Late last week saw a rare event; some of the Londolozi trackers stumped. Despite following the tracks of the two Matimba males all the way through a sweltering morning, they were eventually forced to call it quits at around noon when the last tracks headed into some extensive grassland in the far south-west of the reserve. No further sign of the males could be found.
For another 48 hours the mystery remained unsolved as to where the lions had disappeared to, but two evenings later tracker Life Sibuyi, following tracks of male lions near Londolozi’s southern boundary, came across the partly consumed carcass of a sub-adult buffalo. Male lion tracks were all over the scene, and although Life and ranger Garrett Fitzpatrick did not find the males themselves, it was strongly suspected that the Matimba males were the culprits. Heading to the carcass the following morning, ranger Melving Sambo confirmed that it was indeed them who had most likely made the kill, as both were on site with enormously distended stomachs. Another possibility is that the skittish unknown male who has been glimpsed once or twice in the area brought the buffalo down and was subsequently robbed by the Matimbas, but we cannot confirm this. Whatever the case, we now knew where the Matimba males had disappeared to, and they were far beyond the southernmost point we had previously seen them at.
The pink area along the Sand River is the Matimba coalition’s usual territory. To put it into perspective how small an area this is for a coalition of two big males to control, the 4:4 male leopard controls a bigger territory by himself, and he is not a big individual! The pink dot at the bottom of the map is where the male lions were found on the buffalo kill at the end of last week.
What had driven them so far south? Only a few weeks ago we viewed one of the Charleston coalition a few hundred metres from the spot where the Matimba males now lay, so finding them so far out of their usual territory was certainly an unexpected development.
The smaller of the two males quenches his thirst after feeding on the buffalo kill. Photograph by Sean Cresswell.
Recent weeks have seen a number of interactions between the Majingilane males and the Matimbas, with the Majingilane seemingly emerging from each encounter as the more dominant force. The scars on the rump of the lighter-maned Matimba are testament to the fact that this pair have run into trouble recently, so their foray into the south might just have been a way of alleviating some of the pressure they may be under. Whatever the case, they were back in their regular haunt two mornings later, being found by Trevor McCall-Peat just before sunrise as they made their way onto the Londolozi airstrip.
Leaving the airstrip behind them, both males were walking fairly quickly.
The dark-maned male strides ahead.
Although other lions could be heard calling way to the south-east (most likely Matshipiri males) and north-east (probably Birmingham coalition) as the two Matimbas moved towards the Sand River, no response was offered by them. They paused on a number of occasions to listen intently, once even listening west, in which direction we could hear nothing. Most likely they had heard the distant calls of the Majingilane, but amidst the vocalisations of three different coalitions from almost all points of the compass, they did not answer back once.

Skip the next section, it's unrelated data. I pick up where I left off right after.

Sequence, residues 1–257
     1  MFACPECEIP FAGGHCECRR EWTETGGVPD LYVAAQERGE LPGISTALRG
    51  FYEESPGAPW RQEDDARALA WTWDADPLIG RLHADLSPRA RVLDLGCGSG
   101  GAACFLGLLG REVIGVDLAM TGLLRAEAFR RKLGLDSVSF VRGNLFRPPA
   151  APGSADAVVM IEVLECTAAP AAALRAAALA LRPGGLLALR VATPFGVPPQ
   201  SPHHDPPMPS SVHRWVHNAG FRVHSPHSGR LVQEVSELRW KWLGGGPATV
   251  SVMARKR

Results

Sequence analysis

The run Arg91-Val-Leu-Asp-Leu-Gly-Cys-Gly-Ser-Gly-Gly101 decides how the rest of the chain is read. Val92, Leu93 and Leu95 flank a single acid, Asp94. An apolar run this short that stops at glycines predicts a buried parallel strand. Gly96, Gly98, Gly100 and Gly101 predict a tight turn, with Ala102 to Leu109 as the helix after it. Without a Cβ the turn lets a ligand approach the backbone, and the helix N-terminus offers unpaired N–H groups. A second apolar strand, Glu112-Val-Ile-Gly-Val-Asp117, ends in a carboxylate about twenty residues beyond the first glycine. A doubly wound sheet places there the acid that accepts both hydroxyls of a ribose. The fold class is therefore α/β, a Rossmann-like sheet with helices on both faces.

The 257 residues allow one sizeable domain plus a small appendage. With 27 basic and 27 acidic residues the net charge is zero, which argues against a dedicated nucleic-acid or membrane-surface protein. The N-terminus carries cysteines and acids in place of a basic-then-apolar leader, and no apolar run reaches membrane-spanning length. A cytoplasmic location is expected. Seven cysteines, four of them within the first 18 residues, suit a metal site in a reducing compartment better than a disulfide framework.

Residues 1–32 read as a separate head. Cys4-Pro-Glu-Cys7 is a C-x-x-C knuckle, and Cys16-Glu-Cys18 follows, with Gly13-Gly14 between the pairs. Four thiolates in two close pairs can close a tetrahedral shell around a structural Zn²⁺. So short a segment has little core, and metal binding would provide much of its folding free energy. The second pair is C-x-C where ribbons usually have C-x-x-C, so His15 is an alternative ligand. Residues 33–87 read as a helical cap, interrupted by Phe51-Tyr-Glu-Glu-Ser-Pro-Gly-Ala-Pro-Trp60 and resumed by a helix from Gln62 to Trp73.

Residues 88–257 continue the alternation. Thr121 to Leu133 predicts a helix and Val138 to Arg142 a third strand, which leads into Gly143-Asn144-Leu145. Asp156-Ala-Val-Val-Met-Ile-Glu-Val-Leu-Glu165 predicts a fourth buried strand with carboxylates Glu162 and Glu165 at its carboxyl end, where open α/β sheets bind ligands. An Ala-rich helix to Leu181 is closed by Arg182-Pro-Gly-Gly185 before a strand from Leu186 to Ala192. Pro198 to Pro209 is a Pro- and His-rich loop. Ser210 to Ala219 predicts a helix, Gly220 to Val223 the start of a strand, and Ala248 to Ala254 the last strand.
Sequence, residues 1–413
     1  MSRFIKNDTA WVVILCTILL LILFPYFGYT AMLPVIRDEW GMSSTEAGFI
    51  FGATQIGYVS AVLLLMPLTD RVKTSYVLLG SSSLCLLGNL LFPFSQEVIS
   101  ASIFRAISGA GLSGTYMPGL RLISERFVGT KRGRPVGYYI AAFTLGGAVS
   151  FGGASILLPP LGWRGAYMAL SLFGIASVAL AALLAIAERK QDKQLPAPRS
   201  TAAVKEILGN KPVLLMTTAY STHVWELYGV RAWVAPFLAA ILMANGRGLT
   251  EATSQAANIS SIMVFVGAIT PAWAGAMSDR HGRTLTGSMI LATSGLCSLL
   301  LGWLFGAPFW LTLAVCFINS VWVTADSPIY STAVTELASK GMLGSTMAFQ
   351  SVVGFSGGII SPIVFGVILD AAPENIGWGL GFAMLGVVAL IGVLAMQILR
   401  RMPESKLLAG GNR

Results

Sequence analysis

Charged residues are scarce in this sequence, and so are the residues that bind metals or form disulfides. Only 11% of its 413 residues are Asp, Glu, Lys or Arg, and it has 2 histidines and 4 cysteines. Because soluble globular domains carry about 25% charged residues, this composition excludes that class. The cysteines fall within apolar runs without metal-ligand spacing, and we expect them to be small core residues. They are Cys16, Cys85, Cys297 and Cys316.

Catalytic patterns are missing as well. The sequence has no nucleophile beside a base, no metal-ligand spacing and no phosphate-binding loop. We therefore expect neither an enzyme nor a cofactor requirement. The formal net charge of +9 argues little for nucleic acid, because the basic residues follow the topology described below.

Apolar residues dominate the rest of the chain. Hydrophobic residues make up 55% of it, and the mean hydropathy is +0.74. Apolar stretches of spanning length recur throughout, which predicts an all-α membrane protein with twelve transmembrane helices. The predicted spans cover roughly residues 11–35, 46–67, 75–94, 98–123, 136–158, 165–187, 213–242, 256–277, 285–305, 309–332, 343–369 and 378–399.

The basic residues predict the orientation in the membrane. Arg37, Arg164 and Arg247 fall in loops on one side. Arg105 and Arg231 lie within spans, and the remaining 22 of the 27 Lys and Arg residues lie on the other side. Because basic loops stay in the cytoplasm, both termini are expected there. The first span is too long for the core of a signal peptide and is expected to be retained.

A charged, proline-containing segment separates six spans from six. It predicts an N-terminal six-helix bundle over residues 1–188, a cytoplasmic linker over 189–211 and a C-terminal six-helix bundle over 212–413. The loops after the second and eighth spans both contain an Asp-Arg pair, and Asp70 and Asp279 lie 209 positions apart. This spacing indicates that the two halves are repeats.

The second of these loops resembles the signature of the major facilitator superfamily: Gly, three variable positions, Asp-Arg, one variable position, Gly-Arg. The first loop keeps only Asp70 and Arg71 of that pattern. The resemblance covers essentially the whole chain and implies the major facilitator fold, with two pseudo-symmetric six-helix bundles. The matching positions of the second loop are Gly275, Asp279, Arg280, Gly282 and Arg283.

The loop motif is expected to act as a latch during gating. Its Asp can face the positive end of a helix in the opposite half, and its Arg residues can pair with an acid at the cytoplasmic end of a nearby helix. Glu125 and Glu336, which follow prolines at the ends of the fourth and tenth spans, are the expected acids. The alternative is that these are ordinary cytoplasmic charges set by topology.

This is not the sign of a supremely dominant coalition. I remember when the Majingilane were controlling the area; if they heard even the slightest hint of a rival calling in the distance they would respond almost instantly with a full-throated bellow.
Not so with the Matimbas.
The lighter maned male stops for a quick drink at a pan.
Both males turn towards the west to listen. Although our ears could hear nothing, it is distinctly possible that their far more sensitive hearing had caught the sound of the Majingilane calling in that direction.
Having now returned to their regular stomping grounds, a thin strip along Londolozi’s section of the Sand River, it seems they are content to reconsign themselves into apparent complacency.
They were found this morning in company with two of the Tsalala females in the Manyelethi River to the north of the Londolozi camps, having only moved a kilometre or two overnight. It seems we may have to wait for the next incursion from a rival coalition to get the Matimba males moving any great distance again…
I don’t know about the EP incident, but I was there myself in 2015 when the Majingilanes turned and ran from the Matshipiris. That was after they had already chased them a long way, out of their (the Majingilane’s) usual area of operation and essentially onto foreign soil. The initial chase began exactly because the Majingilane had responded to a threat! It was only when they were far out of their area and realised they had divided their force that they turned around.
Take a look at this post from a few years ago. http://blog.londolozi.com/2012/10/lion-warfare-majingilane-vs-new-males/ The Majingilanes acted in exactly the way I described.
My comments about them responding to roaring related to the time when they were dominant over Londolozi. They are not really anymore, although by coming back to chase the Matimbas on a number of occasions they show they are still not a spent force. How they respond to roaring these days I am not sure, since we so rarely see them.